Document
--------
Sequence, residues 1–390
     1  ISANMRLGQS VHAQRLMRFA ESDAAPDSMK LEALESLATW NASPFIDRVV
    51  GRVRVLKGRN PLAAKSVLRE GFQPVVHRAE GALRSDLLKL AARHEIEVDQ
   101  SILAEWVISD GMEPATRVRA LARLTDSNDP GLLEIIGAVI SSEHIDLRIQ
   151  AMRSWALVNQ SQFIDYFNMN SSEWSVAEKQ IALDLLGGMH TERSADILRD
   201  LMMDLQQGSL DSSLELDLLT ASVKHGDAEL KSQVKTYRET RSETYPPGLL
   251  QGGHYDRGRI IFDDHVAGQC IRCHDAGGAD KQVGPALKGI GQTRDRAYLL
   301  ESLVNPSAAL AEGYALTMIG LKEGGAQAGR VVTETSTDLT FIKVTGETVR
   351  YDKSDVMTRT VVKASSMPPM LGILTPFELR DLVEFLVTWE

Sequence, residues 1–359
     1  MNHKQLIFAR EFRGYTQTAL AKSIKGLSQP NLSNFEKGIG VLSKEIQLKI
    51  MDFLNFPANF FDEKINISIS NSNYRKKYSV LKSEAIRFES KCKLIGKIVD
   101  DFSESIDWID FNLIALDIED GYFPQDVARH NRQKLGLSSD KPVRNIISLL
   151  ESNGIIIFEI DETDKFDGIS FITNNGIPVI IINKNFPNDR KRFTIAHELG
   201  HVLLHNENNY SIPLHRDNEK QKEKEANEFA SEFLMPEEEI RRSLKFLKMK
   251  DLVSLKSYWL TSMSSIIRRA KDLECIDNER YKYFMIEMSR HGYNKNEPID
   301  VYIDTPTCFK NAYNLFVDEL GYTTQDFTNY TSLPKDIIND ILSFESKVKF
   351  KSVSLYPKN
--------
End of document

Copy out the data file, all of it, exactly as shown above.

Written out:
Sequence, residues 1–390
     1  ISANMRLGQS VHAQRLMRFA ESDAAPDSMK LEALESLATW NASPFIDRVV
    51  GRVRVLKGRN PLAAKSVLRE GFQPVVHRAE GALRSDLLKL AARHEIEVDQ
   101  SILAEWVISD GMEPATRVRA LARLTDSNDP GLLEIIGAVI SSEHIDLRIQ
   151  AMRSWALVNQ SQFIDYFNMN SSEWSVAEKQ IALDLLGGMH TERSADILRD
   201  LMMDLQQGSL DSSLELDLLT ASVKHGDAEL KSQVKTYRET RSETYPPGLL
   251  QGGHYDRGRI IFDDHVAGQC IRCHDAGGAD KQVGPALKGI GQTRDRAYLL
   301  ESLVNPSAAL AEGYALTMIG LKEGGAQAGR VVTETSTDLT FIKVTGETVR
   351  YDKSDVMTRT VVKASSMPPM LGILTPFELR DLVEFLVTWE

Sequence, residues 1–359
     1  MNHKQLIFAR EFRGYTQTAL AKSIKGLSQP NLSNFEKGIG VLSKEIQLKI
    51  MDFLNFPANF FDEKINISIS NSNYRKKYSV LKSEAIRFES KCKLIGKIVD
   101  DFSESIDWID FNLIALDIED GYFPQDVARH NRQKLGLSSD KPVRNIISLL
   151  ESNGIIIFEI DETDKFDGIS FITNNGIPVI IINKNFPNDR KRFTIAHELG
   201  HVLLHNENNY SIPLHRDNEK QKEKEANEFA SEFLMPEEEI RRSLKFLKMK
   251  DLVSLKSYWL TSMSSIIRRA KDLECIDNER YKYFMIEMSR HGYNKNEPID
   301  VYIDTPTCFK NAYNLFVDEL GYTTQDFTNY TSLPKDIIND ILSFESKVKF
   351  KSVSLYPKN